SAHS joins national Spay Day movement


The staff of the St. Augustine Humane Society united last month to tackle one of the biggest problems for animal health on the First Coast: population control.

Staff participated in the 23rd Annual World Spay Day, a campaign of The Humane Society International and the Humane Society Veterinary Medical Association (HSUS). On the last Tuesday of every February, the local Humane Society participates in World Spay Day to communicate the benefits of affordable, accessible spay and neuter services available to save the lives of companion animals, and feral and stray cats in St. Johns County.

“Every day in the United States, thousands more puppies and kittens are born than human babies,” said Carolyn Smith, St. Augustine Humane Society’s Executive Director. “That means there will never be enough homes for all the dogs and cats born each year until more people realize the importance of spaying and neutering.”

An estimated 2.4 million healthy and treatable cats and dogs are put down in U.S. shelters each year, according to the HSUS — which puts the toll at one pet euthanized every 13 seconds.

Last year, the clinic earned formal certification from the Humane Alliance as a National Spay/Neuter Response Team (NSNRT) and is the only certified Humane Alliance clinic in St. Johns County among 145 nationwide.

Smith added that all pet owners who brought their pets to the clinic on World Spay Day this year received a gift bag of pet treats and gift certificates for products, including flea preventatives available at the facility’s wellness clinic. Also, one pet owner received a $100 gift certificate as a door prize, courtesy of Columbia Restaurant’s Community Harvest.

Donna Chambers, a volunteer with the Spay Neuter Kingston Initiative in Kingston, Ontario, Canada was a special guest who attended World Spay Day at the St. Augustine non-profit.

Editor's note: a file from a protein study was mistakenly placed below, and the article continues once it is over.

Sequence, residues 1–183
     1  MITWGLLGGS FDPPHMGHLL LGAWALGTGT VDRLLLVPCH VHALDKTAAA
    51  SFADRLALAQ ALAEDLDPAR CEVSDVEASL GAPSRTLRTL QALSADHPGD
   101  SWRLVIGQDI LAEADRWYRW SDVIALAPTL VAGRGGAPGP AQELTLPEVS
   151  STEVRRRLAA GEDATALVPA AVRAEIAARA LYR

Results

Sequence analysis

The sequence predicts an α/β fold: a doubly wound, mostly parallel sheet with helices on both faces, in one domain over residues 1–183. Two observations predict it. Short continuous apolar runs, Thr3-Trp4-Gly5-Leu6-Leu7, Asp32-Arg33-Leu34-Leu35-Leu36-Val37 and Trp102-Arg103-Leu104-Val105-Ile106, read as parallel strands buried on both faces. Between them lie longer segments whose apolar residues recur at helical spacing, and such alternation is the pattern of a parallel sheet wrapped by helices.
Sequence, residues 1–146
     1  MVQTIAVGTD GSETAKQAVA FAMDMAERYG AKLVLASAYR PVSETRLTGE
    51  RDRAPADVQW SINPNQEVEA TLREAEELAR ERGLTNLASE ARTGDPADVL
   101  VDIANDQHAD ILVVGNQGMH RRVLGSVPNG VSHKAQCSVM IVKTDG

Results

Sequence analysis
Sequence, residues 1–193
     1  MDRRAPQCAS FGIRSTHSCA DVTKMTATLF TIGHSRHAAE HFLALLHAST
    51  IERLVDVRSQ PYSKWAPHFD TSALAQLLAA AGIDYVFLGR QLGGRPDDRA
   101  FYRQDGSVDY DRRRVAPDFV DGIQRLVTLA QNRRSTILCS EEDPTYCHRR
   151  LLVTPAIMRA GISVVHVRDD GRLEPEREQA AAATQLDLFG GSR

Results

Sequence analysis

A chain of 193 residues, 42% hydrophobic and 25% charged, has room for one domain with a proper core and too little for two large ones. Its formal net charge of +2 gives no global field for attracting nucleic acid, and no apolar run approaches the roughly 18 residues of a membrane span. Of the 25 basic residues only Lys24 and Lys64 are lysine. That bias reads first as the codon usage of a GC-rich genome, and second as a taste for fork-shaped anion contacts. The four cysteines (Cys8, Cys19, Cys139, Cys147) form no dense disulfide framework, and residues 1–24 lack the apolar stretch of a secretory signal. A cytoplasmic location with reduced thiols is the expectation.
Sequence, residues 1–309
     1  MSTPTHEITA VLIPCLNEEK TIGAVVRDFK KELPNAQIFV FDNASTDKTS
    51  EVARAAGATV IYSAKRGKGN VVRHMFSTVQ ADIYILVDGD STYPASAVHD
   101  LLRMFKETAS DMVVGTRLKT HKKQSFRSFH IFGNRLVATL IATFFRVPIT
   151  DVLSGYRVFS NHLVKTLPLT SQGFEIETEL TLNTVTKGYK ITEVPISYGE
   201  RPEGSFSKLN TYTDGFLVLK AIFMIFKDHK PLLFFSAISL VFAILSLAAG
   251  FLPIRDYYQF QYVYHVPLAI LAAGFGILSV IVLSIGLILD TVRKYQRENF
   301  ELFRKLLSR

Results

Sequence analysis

Chambers studied the facility’s specialization as a certified High Volume High Quality Spay Neuter center (HVHQSN). She met with Smith and Lauren Rockey, DVM, the staff veterinarian who oversees a team of highly-trained technicians and team members who perform approximately 30 to 40 spay and neuter surgeries per day along with preventative care for client-owned dogs and cats.

The spay and neuter clinic is open every Tuesday from 8 a.m. to 4 p.m., and the wellness clinic is open every Monday and Wednesday from 9 a.m. to 4 p.m.

St. Augustine Humane Society promotes healthy responsible lifelong pet ownership by serving the medical and rehabilitative needs of companion animals in the local community, according to their website. The nonprofit’s programs are designed to strengthen human-pet relationships by reducing the need for pets to enter shelters. The goal is to encourage the humane treatment of animals, avoid overpopulation, and prevent animal cruelty. The Humane Society’s resource center includes a wellness and preventative care clinic, affordable spay and neuter efforts, grooming facility and a pet food pantry.

The St. Augustine Humane Society is located at 1665 Old Moultrie Rd. For more information, visit